Elaboration: The Bees (or A Band of Bees in the US) is an English band who defy genre like Lebron defied the hopes of the city of Cleveland. Their 2002 debut album, "Sunshine Hit Me," is a family-reunion-style potluck of music. You get some funky soul in "Angryman," some soft jazzy-rock with "Punchbag," and a loungy piano instrumental in "Zia." Not only have The Bees blended genre like Tom Dickson blends golf balls (Will it blend? That is the question), but they've done it was a modest deal of success. They've been nominated for a Mercury Prize, been featured in British commercials, and opened for Oasis. They've also received praise from Fleet Foxes, having songs posted on their Facebook page (which is how I found out about this band).
2. "1000 Years" by The Coral
Why it's refreshing (in one sentence): Folk rock is not dead!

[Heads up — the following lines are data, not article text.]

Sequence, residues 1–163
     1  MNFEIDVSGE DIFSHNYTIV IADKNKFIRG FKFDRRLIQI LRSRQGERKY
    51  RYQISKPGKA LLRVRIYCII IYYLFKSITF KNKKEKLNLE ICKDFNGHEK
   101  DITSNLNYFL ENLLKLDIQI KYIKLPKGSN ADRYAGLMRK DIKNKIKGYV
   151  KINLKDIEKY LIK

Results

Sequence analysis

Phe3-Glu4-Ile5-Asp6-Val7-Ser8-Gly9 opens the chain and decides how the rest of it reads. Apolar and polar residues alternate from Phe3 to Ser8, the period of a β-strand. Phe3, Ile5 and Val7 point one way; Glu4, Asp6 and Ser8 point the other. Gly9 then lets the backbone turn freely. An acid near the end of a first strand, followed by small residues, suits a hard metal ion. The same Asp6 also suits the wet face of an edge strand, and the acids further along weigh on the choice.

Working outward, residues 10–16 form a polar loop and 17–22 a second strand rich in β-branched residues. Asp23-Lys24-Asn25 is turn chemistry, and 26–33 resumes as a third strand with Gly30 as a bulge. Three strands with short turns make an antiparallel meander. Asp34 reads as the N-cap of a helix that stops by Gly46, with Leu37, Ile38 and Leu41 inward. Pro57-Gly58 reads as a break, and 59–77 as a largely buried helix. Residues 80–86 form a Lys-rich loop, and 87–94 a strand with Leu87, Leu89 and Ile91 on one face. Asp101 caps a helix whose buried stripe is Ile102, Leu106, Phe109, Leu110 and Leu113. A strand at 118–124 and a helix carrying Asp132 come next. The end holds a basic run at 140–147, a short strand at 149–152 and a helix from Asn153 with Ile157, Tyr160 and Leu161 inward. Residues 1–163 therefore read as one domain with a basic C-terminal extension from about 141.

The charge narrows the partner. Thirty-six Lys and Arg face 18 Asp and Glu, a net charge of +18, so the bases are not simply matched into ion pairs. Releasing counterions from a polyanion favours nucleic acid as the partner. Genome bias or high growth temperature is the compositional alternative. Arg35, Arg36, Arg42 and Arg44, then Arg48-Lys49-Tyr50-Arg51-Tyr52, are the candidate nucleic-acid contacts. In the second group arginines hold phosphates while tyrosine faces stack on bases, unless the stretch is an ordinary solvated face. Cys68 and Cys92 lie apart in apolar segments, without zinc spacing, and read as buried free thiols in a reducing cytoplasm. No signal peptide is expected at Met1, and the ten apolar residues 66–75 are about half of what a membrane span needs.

Elaboration: Another band I recently discovered via the Fleet Foxes' Facebook page, The Coral is a British band who has released 6 studio albums since 2002. Starting with their self-titled debut, they've forged their way to their most recent studio album, "Butterfly House," which is the only one I've listened to thus far, and contains the standout track "1000 Years." I've never read a list of their influences, but based on what I hear, I gathered that they must enjoy The Beach Boys, Neil Young, Fleet Foxes and other stuff in the same vein. The album has received some nice praise from major music publications, including an 8/10-star review from NME.